Notes: Alexander Findlay, Journal of the Chemical Society, 1938, p. 583; Howard Elsey, Biographical Memoirs, Nat. Academy of Sciences, 1991, pp. 67-75; Stanford Daily, Feb. 15, 1937, p. 1; Jan Onofrio, Kansas Biographical Dictionary, St. Clair Shores, Miss.: Somerset Pub., 2000, pp. 139 ff.; obituary, Stanford Daily, Feb. 15, 1937; John William Leonard, ed., Men of America: A Biographical Dictionary, New York: L. R. Hamersly & Co., 1908; Pacific Unitarian, April, 1909, p. 186. Photo of Edward from a U.S. Government Web site, ihm.nlm.nih.gov/images/B06647, accessed May 23, 2017.

 

Anna Comstock Franklin Barnett — A physician and graduate of the Unitarian Church of Palo Alto Sunday school, she was born Sept. 12, 1898, in Lawrence, Kansas, daughter of Effie Scott (q.v.) and Edward Curtis Franklin (q.v.).

Her family moved to Palo Alto in 1903. In 1905, Anna was “one of the first pupils of the Sunday-school” of the Unitarian Church of Palo Alto.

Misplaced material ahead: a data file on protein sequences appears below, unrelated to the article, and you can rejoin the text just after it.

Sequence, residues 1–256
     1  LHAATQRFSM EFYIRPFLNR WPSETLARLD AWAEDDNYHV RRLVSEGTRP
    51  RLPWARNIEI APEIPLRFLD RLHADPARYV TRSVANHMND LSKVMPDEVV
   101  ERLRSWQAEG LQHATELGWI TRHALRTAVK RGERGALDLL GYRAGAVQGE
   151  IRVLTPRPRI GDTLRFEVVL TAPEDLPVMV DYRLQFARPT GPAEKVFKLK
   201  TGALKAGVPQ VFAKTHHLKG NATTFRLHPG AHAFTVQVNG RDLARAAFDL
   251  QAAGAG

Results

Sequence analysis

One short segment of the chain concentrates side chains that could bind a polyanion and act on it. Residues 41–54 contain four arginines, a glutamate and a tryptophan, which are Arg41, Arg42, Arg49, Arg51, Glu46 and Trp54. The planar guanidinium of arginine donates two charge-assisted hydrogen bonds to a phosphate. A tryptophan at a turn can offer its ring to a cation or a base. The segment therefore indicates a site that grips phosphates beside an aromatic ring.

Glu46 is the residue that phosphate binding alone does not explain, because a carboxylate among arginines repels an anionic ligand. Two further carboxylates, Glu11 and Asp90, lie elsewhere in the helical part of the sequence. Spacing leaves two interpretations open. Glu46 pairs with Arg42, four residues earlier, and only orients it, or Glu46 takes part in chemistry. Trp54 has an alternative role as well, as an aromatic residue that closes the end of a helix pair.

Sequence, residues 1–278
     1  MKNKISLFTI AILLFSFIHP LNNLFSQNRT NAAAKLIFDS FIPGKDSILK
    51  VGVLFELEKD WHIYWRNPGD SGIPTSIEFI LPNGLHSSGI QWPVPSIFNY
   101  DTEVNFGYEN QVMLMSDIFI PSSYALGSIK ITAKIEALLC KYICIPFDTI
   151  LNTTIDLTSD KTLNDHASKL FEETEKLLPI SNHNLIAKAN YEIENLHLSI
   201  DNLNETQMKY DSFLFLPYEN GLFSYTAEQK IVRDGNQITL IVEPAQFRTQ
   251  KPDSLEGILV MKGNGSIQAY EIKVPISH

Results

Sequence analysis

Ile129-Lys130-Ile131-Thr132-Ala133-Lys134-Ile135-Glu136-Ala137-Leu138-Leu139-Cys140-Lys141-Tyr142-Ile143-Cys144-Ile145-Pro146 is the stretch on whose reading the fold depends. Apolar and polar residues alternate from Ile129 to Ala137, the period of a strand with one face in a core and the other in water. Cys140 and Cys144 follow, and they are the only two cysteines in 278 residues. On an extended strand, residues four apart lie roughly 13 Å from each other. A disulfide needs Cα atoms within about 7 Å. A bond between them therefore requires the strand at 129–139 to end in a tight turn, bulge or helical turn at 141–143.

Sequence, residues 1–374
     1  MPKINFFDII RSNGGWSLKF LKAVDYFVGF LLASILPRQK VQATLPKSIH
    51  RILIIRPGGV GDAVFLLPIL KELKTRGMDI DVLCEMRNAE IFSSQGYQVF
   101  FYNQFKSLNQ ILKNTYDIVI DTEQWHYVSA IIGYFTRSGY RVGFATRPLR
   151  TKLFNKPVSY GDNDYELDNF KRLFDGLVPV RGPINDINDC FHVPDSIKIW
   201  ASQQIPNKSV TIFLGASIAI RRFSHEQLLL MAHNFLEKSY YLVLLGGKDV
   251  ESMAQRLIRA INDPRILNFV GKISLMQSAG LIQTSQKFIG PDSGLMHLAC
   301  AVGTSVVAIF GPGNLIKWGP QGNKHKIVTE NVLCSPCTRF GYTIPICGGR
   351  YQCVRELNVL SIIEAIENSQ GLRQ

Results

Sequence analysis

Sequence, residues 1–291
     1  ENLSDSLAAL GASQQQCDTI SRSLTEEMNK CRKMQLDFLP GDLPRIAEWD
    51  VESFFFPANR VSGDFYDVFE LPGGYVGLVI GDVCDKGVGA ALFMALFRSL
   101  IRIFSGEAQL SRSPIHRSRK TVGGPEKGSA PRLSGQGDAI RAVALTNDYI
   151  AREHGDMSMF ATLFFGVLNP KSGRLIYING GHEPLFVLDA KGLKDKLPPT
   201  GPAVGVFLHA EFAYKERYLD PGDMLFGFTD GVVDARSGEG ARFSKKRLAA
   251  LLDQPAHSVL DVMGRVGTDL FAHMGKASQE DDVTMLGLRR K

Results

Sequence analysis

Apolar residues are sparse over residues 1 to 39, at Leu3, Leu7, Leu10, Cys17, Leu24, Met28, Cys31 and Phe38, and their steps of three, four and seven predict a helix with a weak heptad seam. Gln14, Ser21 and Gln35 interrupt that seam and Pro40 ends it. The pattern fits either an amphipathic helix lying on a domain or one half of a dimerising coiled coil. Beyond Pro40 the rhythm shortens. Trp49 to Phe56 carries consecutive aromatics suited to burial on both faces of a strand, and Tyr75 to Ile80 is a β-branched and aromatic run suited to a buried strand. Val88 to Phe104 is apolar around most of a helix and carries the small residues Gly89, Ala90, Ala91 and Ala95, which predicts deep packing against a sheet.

She received her A.B. from Stanford University in 1920, and her M.D. from Stanford in 1924. On July 12, 1924, she married Dr. George de Forest Barnett; he was a physician and professor of medicine at Stanford. They had two children, Margaret A. and Edward F. After the death of her mother in 1931, Anna’s father came to live with her.

Anna joined the faculty of Stanford School of Medicine. Her husband, who had also taught at Stanford School of Medicine, died in 1955. Anna continued to live on campus after her own retirement.